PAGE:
generated by Sledgehammer instead of \textit{metis} if the proof obviously
blanchet@43228
   476
requires type information or if \textit{metis} failed when Sledgehammer
blanchet@43228
   477
preplayed the proof. (By default, Sledgehammer tries to run \textit{metis} with
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   478
various sets of option for up to 1~second each time to ensure that the generated
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   479
one-line proofs actually work and to display timing information. This can be
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   480
configured using the \textit{preplay\_timeout} and \textit{dont\_preplay}
blanchet@47036
   481
options (\S\ref{timeouts}).)
blanchet@46298
   482
%
blanchet@43229
   483
At the other end of the soundness spectrum, \textit{metis} (\textit{no\_types})
blanchet@43229
   484
uses no type information at all during the proof search, which is more efficient
blanchet@43229
   485
but often fails. Calls to \textit{metis} (\textit{no\_types}) are occasionally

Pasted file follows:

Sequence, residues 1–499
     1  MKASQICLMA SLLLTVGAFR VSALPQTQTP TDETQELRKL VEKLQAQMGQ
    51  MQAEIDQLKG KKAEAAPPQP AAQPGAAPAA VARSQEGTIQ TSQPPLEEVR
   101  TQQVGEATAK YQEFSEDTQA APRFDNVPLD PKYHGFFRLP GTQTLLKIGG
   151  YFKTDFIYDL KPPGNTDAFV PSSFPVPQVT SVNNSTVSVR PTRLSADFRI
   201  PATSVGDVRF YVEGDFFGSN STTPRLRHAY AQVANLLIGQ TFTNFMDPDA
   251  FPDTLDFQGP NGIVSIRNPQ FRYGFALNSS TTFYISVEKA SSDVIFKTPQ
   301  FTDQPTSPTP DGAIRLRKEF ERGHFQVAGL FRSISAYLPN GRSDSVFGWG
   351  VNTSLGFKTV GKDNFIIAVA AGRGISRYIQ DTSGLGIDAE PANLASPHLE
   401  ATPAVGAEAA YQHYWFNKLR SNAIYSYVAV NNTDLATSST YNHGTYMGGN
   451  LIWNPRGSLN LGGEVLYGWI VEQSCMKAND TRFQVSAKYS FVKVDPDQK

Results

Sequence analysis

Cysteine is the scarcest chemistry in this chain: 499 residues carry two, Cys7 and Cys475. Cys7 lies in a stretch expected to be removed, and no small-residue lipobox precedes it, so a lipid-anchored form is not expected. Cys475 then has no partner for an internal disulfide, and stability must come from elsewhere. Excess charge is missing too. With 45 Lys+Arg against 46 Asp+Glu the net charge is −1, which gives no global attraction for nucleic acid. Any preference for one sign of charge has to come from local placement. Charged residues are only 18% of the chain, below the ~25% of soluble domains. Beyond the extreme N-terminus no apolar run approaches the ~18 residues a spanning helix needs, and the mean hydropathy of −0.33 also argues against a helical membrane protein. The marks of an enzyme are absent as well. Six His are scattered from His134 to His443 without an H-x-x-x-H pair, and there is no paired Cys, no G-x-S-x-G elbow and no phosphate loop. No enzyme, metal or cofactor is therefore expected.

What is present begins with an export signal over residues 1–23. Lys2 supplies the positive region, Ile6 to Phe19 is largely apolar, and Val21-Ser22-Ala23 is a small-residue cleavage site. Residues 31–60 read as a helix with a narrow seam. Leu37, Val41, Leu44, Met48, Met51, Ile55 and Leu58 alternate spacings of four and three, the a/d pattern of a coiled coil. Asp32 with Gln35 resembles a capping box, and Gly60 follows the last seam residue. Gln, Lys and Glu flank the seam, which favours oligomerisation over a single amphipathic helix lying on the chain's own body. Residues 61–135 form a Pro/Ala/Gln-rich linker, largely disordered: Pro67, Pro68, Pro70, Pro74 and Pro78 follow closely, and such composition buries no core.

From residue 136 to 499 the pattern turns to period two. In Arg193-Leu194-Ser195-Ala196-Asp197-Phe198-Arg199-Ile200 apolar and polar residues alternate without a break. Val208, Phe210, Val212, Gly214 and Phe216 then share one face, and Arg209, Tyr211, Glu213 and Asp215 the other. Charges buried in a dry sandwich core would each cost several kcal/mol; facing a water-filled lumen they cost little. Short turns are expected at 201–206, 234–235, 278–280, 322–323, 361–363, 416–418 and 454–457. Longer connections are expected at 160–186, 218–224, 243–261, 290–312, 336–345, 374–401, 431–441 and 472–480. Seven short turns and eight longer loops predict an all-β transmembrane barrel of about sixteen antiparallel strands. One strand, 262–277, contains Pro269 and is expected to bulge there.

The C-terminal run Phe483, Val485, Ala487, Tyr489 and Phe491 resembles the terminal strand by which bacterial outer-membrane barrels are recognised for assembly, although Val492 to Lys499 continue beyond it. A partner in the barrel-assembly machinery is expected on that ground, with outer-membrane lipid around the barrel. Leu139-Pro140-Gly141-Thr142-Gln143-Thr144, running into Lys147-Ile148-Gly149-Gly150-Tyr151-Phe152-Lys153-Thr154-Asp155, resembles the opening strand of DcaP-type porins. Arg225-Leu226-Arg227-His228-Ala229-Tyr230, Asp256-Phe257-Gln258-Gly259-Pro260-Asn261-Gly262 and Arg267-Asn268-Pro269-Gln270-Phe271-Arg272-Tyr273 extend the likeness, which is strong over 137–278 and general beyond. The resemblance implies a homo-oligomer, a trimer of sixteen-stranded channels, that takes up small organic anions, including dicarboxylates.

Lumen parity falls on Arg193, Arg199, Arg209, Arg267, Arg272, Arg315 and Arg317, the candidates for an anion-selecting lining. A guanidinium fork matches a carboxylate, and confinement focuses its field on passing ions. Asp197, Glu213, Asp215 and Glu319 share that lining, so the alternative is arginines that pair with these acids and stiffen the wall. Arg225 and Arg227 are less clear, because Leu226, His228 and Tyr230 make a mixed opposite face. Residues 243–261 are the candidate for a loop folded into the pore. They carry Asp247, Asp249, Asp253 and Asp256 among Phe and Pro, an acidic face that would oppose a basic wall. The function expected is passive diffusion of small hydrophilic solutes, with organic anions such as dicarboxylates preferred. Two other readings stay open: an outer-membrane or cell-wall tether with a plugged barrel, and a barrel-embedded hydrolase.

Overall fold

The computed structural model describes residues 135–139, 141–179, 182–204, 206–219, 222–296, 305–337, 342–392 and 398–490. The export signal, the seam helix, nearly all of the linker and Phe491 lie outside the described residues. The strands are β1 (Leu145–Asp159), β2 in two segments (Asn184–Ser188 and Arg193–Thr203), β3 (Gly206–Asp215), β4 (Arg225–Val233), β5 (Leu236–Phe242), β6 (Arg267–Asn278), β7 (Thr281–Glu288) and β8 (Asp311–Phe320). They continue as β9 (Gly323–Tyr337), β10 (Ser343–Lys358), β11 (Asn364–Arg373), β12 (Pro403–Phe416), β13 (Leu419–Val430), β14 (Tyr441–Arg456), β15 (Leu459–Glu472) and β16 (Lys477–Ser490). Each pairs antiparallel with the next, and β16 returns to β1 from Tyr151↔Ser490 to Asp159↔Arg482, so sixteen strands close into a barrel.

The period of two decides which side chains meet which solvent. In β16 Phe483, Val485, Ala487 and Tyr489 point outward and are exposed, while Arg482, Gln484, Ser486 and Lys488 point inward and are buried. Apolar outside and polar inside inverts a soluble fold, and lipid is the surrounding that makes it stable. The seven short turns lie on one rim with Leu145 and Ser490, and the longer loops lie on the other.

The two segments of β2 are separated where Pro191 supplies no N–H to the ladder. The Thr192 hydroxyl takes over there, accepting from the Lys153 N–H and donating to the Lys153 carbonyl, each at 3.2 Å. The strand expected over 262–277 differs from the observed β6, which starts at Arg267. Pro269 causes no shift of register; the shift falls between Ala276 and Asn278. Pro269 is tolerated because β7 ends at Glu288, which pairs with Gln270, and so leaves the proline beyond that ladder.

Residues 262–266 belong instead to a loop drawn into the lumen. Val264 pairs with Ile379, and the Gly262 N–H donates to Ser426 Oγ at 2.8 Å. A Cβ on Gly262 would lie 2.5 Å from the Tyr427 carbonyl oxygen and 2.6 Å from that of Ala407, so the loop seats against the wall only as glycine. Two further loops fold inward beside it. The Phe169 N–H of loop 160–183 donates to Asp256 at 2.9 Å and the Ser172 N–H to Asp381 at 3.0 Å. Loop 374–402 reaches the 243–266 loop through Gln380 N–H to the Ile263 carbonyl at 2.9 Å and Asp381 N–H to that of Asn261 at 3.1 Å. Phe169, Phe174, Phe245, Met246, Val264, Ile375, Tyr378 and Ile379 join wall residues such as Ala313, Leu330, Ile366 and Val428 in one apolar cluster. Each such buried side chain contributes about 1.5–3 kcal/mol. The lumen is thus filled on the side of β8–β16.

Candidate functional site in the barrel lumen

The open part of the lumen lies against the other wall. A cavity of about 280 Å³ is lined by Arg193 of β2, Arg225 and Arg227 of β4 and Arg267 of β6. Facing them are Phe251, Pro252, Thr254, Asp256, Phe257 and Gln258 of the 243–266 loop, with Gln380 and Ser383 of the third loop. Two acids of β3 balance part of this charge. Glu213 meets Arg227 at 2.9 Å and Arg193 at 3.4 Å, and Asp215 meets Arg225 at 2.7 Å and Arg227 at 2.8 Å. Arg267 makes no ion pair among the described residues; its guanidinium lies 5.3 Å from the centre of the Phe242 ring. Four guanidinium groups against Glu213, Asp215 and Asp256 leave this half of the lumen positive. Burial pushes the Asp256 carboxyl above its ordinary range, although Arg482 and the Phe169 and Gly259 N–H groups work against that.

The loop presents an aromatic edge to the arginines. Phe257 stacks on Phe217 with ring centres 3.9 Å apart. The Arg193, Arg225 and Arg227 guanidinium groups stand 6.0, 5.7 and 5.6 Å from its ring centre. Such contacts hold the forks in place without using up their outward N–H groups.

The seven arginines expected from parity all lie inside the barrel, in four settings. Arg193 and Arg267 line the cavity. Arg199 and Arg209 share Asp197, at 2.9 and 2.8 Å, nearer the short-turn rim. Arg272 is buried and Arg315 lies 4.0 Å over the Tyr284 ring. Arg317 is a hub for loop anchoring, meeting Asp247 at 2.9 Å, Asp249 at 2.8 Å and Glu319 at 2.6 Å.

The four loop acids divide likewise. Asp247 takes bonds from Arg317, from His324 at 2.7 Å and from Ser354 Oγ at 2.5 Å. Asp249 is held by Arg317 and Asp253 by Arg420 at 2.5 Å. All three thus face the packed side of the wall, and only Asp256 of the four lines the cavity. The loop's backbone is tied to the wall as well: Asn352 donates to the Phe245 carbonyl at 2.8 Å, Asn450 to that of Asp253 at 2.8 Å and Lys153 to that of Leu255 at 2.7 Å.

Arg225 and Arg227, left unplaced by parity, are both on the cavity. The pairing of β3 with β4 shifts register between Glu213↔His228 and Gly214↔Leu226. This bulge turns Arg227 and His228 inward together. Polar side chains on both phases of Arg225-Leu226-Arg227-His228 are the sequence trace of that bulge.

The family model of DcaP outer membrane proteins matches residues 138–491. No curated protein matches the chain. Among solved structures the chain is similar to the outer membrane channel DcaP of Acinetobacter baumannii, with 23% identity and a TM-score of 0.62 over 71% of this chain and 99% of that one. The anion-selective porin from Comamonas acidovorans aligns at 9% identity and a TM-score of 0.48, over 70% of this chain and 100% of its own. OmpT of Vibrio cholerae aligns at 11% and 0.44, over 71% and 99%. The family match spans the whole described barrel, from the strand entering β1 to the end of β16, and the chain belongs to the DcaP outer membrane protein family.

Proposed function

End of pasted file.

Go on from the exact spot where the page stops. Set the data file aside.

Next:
blanchet@43229
   486
generated by Sledgehammer.
blanchet@46298
   487
%
blanchet@46298
   488
See the \textit{type\_enc} option (\S\ref{problem-encoding}) for details.
blanchet@43229
   489
blanchet@46298
   490
Incidentally, if you ever see warnings such as
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   491
blanchet@42883
   492
\prew
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   493
\slshape
blanchet@63729
   494
Metis: Falling back on ``\textit{metis} (\textit{full\_types})''
blanchet@42883
   495
\postw
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   496
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   497
for a successful \textit{metis} proof, you can advantageously pass the
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   498
\textit{full\_types} option to \textit{metis} directly.
blanchet@43228
   499
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   500
\point{And what are the \textit{lifting} and \textit{hide\_lams} arguments
blanchet@46298
   501
to Metis?}
blanchet@46298
   502
blanchet@46298
   503
Orthogonally to the encoding of types, it is important to choose an appropriate